When Buddhism almost disappeared from India, Jats became devotees of saints .The saints not being versed in Sanskrit could not, however, contend effectively with the Brahmins. Some of the saints, who were very popular in Rajasthan , Haryana and Punjab are:
- Tejaji (1074- 1103),
- Dhanna Bhagat (born 1415),
- Guru Jambheshwar (born 1451),
- Bhai Bala(1466 - 1544 AD),
- Guru Jasnath Ji Maharaj (1494),
- Ranabai (1504-1570),
- Baba Buddha (1506-1631),
- Karmabai (1615 - 1634),
- Foolabai (1664 - 1682),
- Garib Das (1717 - 1778),
- Harchand Ram Moond,
- Khema Baba,
- Nishchal Das (1791-1863),
- Swami Gopal Das (1822-1936),
- Swami Keshwanand (1883-1972)
A large number of Jats became Sadhus. According to 1911 census, the number of Jat Sadhus in Punjab was 37000. Jats however, could never be coerced into accepting the superstitious teachings of the Brahmins, who being the only chroniclers, slanderously labeled the Jats in historical records as atheists, 'rakshash' and low born. These ill feelings between Brahmins and Jats have continued unabated ever since.
When Sikhism came into being, almost all the Jats of Punjab became Sikhs. Some Jats had already adopted Islam and those in European countries had became Christians; thus reducing the population of Hindu Jats, the only people to continue calling themselves Jats, to its present small total.
Arya samaj - When the Sant movement declined, Swami Dayanand Saraswati (1824-1883) founded Arya Samaj on Vedic lines. All the Jats of Haryana, Rajasthan, Brij and Uttar Pradesh readily adopted Arya Samaj as their religion. Swami Keshwanand (1883-1972), Swami Omanand Sarswati (1910 - 2003), Swami Indravesh (1937 – 2006), etc had greater influence on Jats reforms.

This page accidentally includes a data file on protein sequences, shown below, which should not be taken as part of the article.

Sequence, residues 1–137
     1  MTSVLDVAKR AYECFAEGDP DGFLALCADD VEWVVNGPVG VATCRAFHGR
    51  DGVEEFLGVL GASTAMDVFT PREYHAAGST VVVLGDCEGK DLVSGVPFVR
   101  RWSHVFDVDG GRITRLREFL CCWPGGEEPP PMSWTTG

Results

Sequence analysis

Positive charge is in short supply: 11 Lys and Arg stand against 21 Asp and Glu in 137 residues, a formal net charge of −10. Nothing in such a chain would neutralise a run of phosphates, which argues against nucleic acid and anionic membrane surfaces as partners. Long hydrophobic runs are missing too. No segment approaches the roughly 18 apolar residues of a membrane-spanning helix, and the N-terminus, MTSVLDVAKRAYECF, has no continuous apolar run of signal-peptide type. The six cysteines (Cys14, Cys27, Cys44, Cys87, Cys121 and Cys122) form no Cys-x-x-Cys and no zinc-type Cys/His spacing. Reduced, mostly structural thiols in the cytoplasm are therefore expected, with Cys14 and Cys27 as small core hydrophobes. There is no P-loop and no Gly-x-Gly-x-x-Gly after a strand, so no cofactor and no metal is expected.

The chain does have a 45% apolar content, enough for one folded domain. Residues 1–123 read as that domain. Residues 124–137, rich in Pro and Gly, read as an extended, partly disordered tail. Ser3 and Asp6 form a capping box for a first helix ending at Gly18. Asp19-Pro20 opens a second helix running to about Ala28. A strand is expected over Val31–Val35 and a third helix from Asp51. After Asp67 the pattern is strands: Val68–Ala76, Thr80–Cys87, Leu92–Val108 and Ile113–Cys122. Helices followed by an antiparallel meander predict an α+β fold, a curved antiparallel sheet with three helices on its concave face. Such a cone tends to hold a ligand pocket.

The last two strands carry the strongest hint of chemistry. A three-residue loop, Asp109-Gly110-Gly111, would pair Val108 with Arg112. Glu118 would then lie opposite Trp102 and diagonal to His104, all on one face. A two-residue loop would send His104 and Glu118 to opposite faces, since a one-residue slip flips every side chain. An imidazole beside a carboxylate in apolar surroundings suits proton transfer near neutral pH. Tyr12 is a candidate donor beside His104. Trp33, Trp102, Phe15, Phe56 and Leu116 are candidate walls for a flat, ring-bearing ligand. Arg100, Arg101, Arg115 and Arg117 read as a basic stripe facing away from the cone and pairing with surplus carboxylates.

The reader will notice that Jats have from time to time adopted only those religions, which preach equality, one God, and condemned superstitious beliefs. A Jat, however, remains a Jat irrespective of his religion- In India, non Hindu Jats, although not calling themselves Jats any longer, have retained their Jat gotras. Qanungo  writes that The Jat is a Jat after all, whether be a Hindu, Sikh or Muslim; he tenaciously clings to his tribal name as proud heritage, and with it the tradition of kinship. This retention of the gotras has been the greatest single factor in retracing the lost history of the Jats. Most of the Christian Jats, except a few, have however, given up using their ancient gotra titles.
The Jat people have always organized themselves into hundreds of patrilineage Gotras, Panchayat system or Khap. A clan was based on one small gotra or a number of related gotras under one elected leader whose word was law. The big Jat clans now are so big that individual in them are only related to each other by individual that lived typically hundreds years ago. Mutual quarrels of any intensity could be settled by orders of Jat elders. In times of danger, the whole clan rallied under the banner of the leader. The Jat Khap or Panchayat "system is territorial and highly democratic. District and a number of Khaps form a 'Sarva Khap' embracing a full province or state. Negotiations with anyone were done - at 'Sarva Khap' level.